Cincinnati, Ohio, July 31, 1863. Whereas the State of Kentucky is invaded by a rebel force, with the avowed intention of overawing the judges of elections, of intimidating the loyal voters, keeping them from the polls, and forcing the election of disloyal candidates at the election on the 3d of August; and whereas the military power of the government is the only force that can defeat this attempt, the State of Kentucky is hereby declared under martial law, and all military officers are commanded to aid the constituted authorities of the State in support of the laws and the purity of suffrage, as defined in the late proclamation of his excellency Governor Robinson.

As it is not the intention of the commanding general to interfere with the proper expression of public opinion, all discretion in the conduct of the election will be, as usual, in the hands of the legally appointed judges at the polls, who will be held strictly responsible that no disloyal person be allowed to vote; and to this end the military power is ordered to give them its utmost support.

The civil authority, civil courts, and business will not be suspended by this order. It is for the purpose only of protecting, if necessary, the rights of loyal citizens and the freedom of election. By command of Major General Burnside.

LEWIS RICHMOND,

Assistant Adjutant General. Official :

W. P. ANDERSON,

Assistant Adjutant General.

RESOLUTION demanding of confederate invaders to withdraw their forces uncondi

tionally. Resolved by the general assembly of the commonwealth of Kentucky. That his excellency Governor Magoffin be, and he is hereby, instructed to inform those concerned that Kentucky expects the confederate or Tennessee troops to be withdrawn from her soil unconditionally.

House vote upon the adoption of the above resolution, viz:

Yeas-Messrs. Speaker, (Buckner,) Alfred Allen, R. C. Anderson, W. C. Anderson, Landaff W. Andrews, E. B. Bacheller, John C. Becman, John W. Blue, William P. Boone, Curtis F. Burnam, Cyrus Campbell, J. W. Campbell,

Marion N. Carr. Joseph H. Chandler, Brutus J. Clay, John B. Cochran, Rob. ert Coehran, William L. Conklin, John C. Cooper, Albert A. Curtis, Daniel E. Downing, Stephen J. England, Hugh F. Finley, John W. Finnell, Elijah Gabbert, Remus Gibson, Henry Griffith, John II. JIarney, William H. Hays, William J Heady, Joseph W. Heetes, John B. Huston, Richard T. Jacob, Daniel W. Johns, Urban E. Kennedy, James M. C. Lisenby, Alexander Lusk, P. L. Maxey, David P. Mears, Otho Miller, Thomas Z. Morrow, Thomas W. Owings, George Poindexter, Hiram S. Powell, Larkin J. Proctor, William S. Rankin, Nicholas A. Rapier, John Ray, Joseph Ricketts, F. D. Rigney, George S. Shanklin, G. Clay Smith, M. Smith, James P. Sparks, Harrison Taylor, Joshua Tevis, George M. Thomas, John R. Thomas, Thomas Turner, John S. Van Winkle, Zeb. Ward, George P. Webster, Alexander T. White, Nathaniel Wolfe, George H. Yeaman, Bryan R.Young, Milton Young, Van B. Young-68.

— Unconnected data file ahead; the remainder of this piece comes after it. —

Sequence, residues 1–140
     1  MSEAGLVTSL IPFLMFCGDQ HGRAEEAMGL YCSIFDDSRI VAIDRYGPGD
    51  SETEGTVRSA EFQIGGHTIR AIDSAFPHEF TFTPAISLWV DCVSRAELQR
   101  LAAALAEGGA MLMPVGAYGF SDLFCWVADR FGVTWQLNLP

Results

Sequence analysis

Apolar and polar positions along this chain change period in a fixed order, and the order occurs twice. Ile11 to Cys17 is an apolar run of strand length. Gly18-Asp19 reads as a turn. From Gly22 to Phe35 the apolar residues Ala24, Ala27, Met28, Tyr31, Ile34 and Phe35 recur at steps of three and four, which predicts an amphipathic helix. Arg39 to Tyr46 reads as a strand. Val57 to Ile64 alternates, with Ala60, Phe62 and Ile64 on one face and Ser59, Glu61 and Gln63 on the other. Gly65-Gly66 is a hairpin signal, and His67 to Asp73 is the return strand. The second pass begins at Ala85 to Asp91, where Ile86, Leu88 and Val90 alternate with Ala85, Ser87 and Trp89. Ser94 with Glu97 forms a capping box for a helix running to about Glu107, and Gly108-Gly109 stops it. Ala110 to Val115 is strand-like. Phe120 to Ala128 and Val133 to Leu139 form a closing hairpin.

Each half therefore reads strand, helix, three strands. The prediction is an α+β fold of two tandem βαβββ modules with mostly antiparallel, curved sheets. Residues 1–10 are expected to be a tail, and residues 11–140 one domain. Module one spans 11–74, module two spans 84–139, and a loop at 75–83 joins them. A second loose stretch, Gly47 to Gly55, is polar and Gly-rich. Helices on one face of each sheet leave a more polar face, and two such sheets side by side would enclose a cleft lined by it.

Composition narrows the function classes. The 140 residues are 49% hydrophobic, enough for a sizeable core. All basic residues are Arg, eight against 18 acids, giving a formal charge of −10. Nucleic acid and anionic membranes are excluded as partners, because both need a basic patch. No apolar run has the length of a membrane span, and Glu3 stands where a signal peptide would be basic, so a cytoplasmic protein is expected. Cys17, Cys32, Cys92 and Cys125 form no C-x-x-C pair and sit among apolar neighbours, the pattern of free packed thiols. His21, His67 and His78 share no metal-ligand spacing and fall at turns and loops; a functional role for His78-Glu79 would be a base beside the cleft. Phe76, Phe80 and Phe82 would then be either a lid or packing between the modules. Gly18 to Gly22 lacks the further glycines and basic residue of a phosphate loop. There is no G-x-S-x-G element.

Nays-Messrs. Vincent Ash, John S. Barlow, A. R. Boon, E. F. Burns, W. P. D. Bush, A. B. Chambers, William M. Coffee, Lucius Desha, W. H. Edmunds, John M. Elliott, George W. Ewing, John W. Gaines, Joseph Gardner, Evan M. Garriott, J. C. Gilbert, George M. Hampton, John M. Henry, Wil

hnson, John Q. A. King, John C. Lindsey, Daniel Matthewson, David May, George R. Merritt. Felix G. Murphy, George W. Silvertooth, Robert A. Spalding-26.

Senate vote upon the adoption of the above resolution, viz:

YEAS-Messrs. Speaker, (Fisk,) T. T. Alexander, William Anthony, R. T. Baker, John B. Bruner, James H. G. Bush, M. P. Buster, Walter Chiles, Samuel E. DeHaven, George Denny, Richard H. Field, Theo. T. Garrard, William G. Gillis, John K. Goodloe, William C. Grier, Martin P. Marshall, Henry D. McHenry, Charles D. Pennebaker, William B. Read, James F. Rob-, in-on, Ben. Spalding, James Speed, C. J. Walton, W. C. Whitaker, C. T. Worthington-25.

Nays-Messrs. William T. Anthony, Samuel H. Boles, Benjamin P. Cissell, Alex. L. Davidson, Robert E. Glenn, Asa P. Grover, John L. Irvan, Samuel H. Jenkins, Albert G. Rhea-9.

RESOLUTIONS in regard to the expulsion of confederate troops from the soil of Ken

tucky.

The committee on federal relations, to whom were referred the communications of the governor of the commonwealth, together with those of Generals Polk and Zollicofter, of the confederate army, informing the governor that they had seized and were occupying with large military forces portions of the soil of Kentucky, have had the same under consideration, and ask leave to make the following report:

Whereas Kentucky has been invadı d by the forces of the so-called Confederate States, and the commanders of the forces so invading the State have insolently prescribed the conditions upon which they will withdraw, thus insulting the dignity of the State by demanding terms to which Kentucky cannot listen without dishonor: Therefore,

1. Be it resolved by the general assembly of the commonwealth of Kentucky, That the invaders must be expelled. Inasmuch as there are now in Kentucky federal troops assembled for the purpose of preserving the tranquillity of the State, and of defending and protecting the people of Kentucky in the peaceful enjoyment of their lives and property, it is

2. Further resolved, That General Robert Anderson, a native Kentuckian, who has been appointed to the command of the department of Cumberland, be requested to take instant command, with authority and power from this commonwealth to call out a volunteer force in Kentucky for the purpose of repel. ling the invaders from our soil.